Richard Charles Rodgers (June 28, 1902 – December 30, 1979) was an American composer of music for more than 900 songs and for 43 Broadway musicals. He also composed music for films and television. He is best known for his song writing partnerships with the lyricists Lorenz Hart and Oscar Hammerstein II and, together, they crafted what we now recognize as the quintessential American musical.
Rodgers was born in New York in 1902 and was introduced to music and live theater at a young age. He began to compose music at summer camp and became determined to work in musical theater. Whilst at Columbia University, Rodgers’ elder brother, Mortimer, introduced him to both Oscar Hammerstein II and Lorenz Hart. Rodgers first collaborated with Hart, a partnership that saw them write scores of songs, such as "Blue Moon," "Bewitched, Bothered and Bewildered," and "My Funny Valentine," and the music and lyrics for 26 Broadway shows.
When Hart became ill and could not continue to write, Rodgers began to work with Hammerstein. Together they had a huge influence on American musical theater, creating classic shows such as Oklahoma!, South Pacific, Carousel, and The King and I. They also created a special televised musical of Cinderella, starring Julie Andrews, in 1957. After Hammerstein died in 1960, Rodgers did not stop working, but instead collaborated with big theatrical names such as Stephen Sondheim and Martin Charnin.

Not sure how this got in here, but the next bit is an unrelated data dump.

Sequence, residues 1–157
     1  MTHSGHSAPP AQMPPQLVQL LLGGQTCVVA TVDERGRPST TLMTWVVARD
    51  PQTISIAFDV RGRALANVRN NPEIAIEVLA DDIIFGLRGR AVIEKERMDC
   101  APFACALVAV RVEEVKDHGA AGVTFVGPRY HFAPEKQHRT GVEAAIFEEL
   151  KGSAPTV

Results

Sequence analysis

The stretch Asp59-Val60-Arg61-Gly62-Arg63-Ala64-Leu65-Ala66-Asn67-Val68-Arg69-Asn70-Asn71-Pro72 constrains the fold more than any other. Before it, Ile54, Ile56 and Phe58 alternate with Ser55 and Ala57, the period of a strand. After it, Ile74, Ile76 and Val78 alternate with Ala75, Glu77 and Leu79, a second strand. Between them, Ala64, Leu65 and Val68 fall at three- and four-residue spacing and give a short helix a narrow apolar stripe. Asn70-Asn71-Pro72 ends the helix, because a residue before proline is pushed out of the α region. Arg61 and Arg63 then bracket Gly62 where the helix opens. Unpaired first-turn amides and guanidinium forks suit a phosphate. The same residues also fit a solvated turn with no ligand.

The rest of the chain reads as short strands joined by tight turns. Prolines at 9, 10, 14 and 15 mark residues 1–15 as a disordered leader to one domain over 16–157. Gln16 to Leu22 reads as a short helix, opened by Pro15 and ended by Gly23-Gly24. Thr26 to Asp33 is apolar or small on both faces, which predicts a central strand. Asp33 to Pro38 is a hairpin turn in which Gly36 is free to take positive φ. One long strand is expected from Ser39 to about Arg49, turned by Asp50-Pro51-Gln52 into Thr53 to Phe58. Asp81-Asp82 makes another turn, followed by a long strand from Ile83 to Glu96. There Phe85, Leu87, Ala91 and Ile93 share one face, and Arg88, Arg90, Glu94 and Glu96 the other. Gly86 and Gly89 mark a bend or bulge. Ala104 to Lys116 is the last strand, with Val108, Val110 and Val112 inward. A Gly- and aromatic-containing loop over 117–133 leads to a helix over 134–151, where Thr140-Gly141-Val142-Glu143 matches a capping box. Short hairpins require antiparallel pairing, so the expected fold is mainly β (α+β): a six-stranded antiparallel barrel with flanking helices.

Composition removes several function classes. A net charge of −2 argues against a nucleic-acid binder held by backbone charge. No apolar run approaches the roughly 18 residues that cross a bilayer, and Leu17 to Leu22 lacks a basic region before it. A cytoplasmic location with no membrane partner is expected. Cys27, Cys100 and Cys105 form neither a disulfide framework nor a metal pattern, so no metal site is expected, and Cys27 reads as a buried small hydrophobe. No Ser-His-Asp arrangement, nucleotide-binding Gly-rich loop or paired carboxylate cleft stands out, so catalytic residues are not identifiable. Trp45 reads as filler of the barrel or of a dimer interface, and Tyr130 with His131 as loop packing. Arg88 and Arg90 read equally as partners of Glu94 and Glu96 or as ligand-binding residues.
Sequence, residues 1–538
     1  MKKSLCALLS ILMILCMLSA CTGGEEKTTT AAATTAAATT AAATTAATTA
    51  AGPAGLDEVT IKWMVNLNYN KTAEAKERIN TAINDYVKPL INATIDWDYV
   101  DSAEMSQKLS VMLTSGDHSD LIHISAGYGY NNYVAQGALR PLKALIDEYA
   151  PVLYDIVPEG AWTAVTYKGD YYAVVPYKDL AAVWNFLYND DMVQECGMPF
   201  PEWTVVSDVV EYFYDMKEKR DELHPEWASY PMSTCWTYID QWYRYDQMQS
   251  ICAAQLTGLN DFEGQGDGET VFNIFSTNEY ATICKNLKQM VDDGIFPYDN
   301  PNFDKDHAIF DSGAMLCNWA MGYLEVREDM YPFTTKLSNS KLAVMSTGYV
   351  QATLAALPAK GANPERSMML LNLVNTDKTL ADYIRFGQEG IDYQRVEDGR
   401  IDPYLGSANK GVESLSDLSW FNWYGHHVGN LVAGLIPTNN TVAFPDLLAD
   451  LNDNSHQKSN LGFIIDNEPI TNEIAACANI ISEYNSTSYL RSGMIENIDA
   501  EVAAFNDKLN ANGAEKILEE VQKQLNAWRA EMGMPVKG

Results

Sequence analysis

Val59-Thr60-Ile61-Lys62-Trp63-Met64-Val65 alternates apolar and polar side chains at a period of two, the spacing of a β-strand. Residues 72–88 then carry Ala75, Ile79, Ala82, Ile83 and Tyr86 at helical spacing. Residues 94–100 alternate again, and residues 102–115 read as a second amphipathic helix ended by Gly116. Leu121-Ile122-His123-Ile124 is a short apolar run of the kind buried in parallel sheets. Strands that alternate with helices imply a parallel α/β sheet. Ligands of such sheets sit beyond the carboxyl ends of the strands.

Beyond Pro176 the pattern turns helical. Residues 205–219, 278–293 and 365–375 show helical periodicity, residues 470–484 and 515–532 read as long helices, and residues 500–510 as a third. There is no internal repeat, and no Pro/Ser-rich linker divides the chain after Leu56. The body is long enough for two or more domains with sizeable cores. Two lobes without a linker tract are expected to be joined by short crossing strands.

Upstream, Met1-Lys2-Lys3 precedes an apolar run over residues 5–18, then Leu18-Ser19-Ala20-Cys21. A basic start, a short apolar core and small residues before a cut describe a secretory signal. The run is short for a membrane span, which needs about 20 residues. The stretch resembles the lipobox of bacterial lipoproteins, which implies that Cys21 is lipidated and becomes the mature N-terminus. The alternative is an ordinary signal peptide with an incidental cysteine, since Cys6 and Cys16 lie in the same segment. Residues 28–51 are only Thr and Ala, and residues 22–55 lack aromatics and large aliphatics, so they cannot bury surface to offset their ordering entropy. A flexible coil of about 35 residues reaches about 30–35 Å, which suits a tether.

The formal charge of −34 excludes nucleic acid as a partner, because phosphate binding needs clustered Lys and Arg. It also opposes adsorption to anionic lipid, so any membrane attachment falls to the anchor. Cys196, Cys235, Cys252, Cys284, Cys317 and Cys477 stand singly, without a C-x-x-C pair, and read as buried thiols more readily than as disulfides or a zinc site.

Rodgers was the first person to accumulate what are considered the top show business awards in television, recording, movies and Broadway—an Emmy, a Grammy, an Oscar, and a Tony—now known collectively as an EGOT. Additionally he and Hammerstein won the Pulitzer Prize for Drama for their work on South Pacific and a special Pulitzer Prize for Oklahoma! in 1944.
Rodgers died in 1979 but his musical legacy lives on, with his daughter Mary composing Once Upon a Mattress (1959) and his grandson Adam Guettel composing The Light in the Piazza, which won the Tony Award for Best Original Score and Best Orchestration.
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